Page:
The title of this novella helps guide us toward the genre, so let's start there. In Death in Venice, who, or what, dies in Venice? That would have to be Aschenbach, obviously—dude is dead as they come at the end—but what does Aschenbach stand for? In other words: What dies with him in Venice?
We have more (like, way more) to say about Aschenbach in the "Characters" section, but here's the lowdown: Aschenbach starts out as the portrait of an ideal writer, a man who's reached his prime, and is able to exercise perfect, disciplined control over his creative faculties. Then he loses this control as he is overtaken by desires and impulses that lead to his destruction—but also produce some of his finest writing.
From this perspective, what dies in Death in Venice is not just Aschenbach (though he's totally dead at the end, too), but an idealized conception of the artist as the master of his talents. Ironically, that "death" also becomes the birth of a new and tragic creativity. And you know what genre is all about questioning the ideals of the past and finding paths toward the future? That would be modernism. So we can officially say hello to our genre.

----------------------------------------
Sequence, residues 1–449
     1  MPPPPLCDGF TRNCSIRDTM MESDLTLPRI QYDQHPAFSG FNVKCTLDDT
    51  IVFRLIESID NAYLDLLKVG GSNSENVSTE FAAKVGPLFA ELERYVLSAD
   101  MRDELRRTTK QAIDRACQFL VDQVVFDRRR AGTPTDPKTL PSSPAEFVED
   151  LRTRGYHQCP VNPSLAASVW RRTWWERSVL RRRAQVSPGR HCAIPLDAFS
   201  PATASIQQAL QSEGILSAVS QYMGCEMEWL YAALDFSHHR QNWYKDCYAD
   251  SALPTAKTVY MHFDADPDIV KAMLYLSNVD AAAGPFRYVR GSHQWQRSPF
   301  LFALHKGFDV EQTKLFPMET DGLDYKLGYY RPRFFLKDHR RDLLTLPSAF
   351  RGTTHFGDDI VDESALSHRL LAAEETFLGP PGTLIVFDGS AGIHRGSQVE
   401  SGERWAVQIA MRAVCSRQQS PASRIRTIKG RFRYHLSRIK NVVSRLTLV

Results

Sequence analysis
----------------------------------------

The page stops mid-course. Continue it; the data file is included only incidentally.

But modernism also likes to mess with form. So what about form here? This is not a novella that develops highly innovative forms of writing—its theme and subject matter might be shocking, but it's not trying to be a "new" kind of literature. So Death in Venice is not necessarily modernist in form, though it is modernist in its particular use of irony, giving us the strange sense that "old" ideals are being both upheld and cleverly mocked.